Perimenopause Symptoms: What are they and how can I manage them?

Perimenopause is something most women will go through as they age. However, it can cause significant symptoms that wreak havoc on your daily life.

Perimenopause can be different for each woman. Some women may experience worse symptoms than others and some may only have a handful of mild symptoms develop.

At The McIndoe Centre, we understand the difficulties that perimenopause can bring. That’s why we’re here to explain what perimenopause is in more detail, highlighting its associated symptoms and how to manage them effectively.

Understanding perimenopause

Perimenopause is the name for the transition a woman’s body goes through before reaching menopause (when your periods have stopped for 12 months or longer). Lasting between four and eight years, it represents the time before your periods stop altogether and can lead to problematic symptoms for some women.  

Biologically speaking, perimenopause is the time when your ovaries gradually stop releasing eggs. 

The reason your body stops ovulating is due to hormonal changes. As you age, you naturally decrease the amount of oestrogen and progesterone you produce, signalling the end of your reproductive years and transitioning your body into menopause. 

Perimenopause can occur at any time from your mid-30s to your mid-50s. If you go through perimenopause and menopause before the age of 40, it is known as ‘premature menopause’. 

Premature menopause can sometimes be caused by premature ovarian failure – a condition which stops your ovaries from working as they should before the age of 40 years old.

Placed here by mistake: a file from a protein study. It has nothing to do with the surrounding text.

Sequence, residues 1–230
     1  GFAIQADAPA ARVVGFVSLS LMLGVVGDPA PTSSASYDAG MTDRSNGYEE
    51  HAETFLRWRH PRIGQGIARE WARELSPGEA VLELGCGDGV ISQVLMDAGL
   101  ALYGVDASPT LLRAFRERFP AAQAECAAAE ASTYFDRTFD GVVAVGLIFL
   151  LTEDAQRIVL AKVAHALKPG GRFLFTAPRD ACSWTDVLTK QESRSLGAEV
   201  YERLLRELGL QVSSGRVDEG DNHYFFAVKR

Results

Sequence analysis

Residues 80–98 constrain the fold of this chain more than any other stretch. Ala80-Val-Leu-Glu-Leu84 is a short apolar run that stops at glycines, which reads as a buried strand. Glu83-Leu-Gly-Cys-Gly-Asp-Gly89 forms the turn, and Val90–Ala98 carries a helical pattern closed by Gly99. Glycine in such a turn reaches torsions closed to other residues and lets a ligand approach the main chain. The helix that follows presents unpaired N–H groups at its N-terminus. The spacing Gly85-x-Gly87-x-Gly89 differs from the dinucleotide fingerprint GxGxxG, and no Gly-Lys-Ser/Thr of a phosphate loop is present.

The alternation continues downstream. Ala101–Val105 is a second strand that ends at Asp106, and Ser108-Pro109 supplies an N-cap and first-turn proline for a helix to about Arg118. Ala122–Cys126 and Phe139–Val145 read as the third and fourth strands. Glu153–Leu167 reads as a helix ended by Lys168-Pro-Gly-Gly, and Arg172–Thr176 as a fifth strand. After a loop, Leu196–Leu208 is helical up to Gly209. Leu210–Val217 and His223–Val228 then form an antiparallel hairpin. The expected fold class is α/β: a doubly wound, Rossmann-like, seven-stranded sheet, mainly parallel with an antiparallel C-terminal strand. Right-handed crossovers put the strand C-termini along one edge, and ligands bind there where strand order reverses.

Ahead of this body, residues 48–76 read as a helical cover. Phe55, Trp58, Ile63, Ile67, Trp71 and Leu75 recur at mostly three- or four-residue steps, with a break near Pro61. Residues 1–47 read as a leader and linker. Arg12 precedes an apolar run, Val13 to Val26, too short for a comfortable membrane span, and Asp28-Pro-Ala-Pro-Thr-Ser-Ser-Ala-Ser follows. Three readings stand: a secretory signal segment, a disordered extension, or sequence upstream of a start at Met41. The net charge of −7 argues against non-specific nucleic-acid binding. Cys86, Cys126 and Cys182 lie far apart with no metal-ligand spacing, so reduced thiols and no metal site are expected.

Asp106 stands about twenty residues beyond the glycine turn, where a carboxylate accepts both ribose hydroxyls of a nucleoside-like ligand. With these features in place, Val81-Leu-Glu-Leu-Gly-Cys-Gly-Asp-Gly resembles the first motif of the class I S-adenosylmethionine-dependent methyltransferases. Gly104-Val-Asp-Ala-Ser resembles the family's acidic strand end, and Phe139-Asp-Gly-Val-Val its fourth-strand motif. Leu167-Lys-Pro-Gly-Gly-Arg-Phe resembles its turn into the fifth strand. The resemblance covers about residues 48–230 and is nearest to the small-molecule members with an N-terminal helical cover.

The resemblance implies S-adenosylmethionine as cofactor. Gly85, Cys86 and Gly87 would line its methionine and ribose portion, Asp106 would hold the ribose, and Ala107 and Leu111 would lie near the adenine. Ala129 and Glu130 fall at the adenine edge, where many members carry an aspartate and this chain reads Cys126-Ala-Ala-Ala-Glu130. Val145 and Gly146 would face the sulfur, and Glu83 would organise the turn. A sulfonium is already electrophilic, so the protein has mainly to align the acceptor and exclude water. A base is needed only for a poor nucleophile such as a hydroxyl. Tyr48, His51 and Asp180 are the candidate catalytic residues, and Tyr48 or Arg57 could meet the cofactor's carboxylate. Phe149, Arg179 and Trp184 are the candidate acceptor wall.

However, it may also be caused by other factors such as:  

  • Genetics (premature ovarian failure can run in families) 
  • Cancer treatments (such as chemotherapy or radiotherapy) 
  • Autoimmune conditions 
  • Chromosome abnormalities  

Decreased oestrogen levels and how they affect perimenopause

Perimenopause is caused by decreased levels of oestrogen. This leads to symptoms like hot flushes, vaginal dryness and brittle bones (osteoporosis) that are more prone to fractures or breaks. 

It may also contribute to changes in your blood cholesterol levels. For instance, low oestrogen levels can increase your level of ‘bad’ cholesterol (low-density lipoprotein) which could lead to an increased risk of heart disease 

Common perimenopause symptoms 

Symptoms of perimenopause can vary and may be more severe in some people than others. Generally, the first sign of perimenopause is changes to your menstrual cycle.  

The most common perimenopause symptoms include:  

  • Heavier or lighter than usual periods 
  • Skipping periods or shorter or longer periods 
  • Hot flushes 
  • Vaginal dryness 
  • Night sweats 
  • Urinary incontinence or urgency 
  • Problems sleeping (insomnia) 
  • Mood swings 
  • Low mood or depression 
  • Low libido (sex drive) 

Some symptoms can be more severe, and you may experience a high number of symptoms or only a few.  

Menopause Management at The McIndoe Centre

Fast access consultations with a GP and Menopause Specialist who can provide advanced hormonal testing and bespoke HRT prescriptions tailored to each patient.

Managing perimenopause symptoms 

Managing perimenopause symptoms can require a multi-faceted approach. 

Some symptoms may be manageable with lifestyle changes and certain medications. Insomnia and low moods, for example, could be alleviated with regular exercise. Vaginal creams and lubricants can also help manage vaginal dryness symptoms, but won’t treat the root cause.  

However, sometimes hormone replacement therapy (HRT) may be used to help menopause symptoms. 

Hormone replacement therapy  

Hormone replacement therapy, or HRT, is one of the most common ways for women to manage perimenopause symptoms. It will often be recommended by your doctor within the first ten years of experiencing perimenopause symptoms.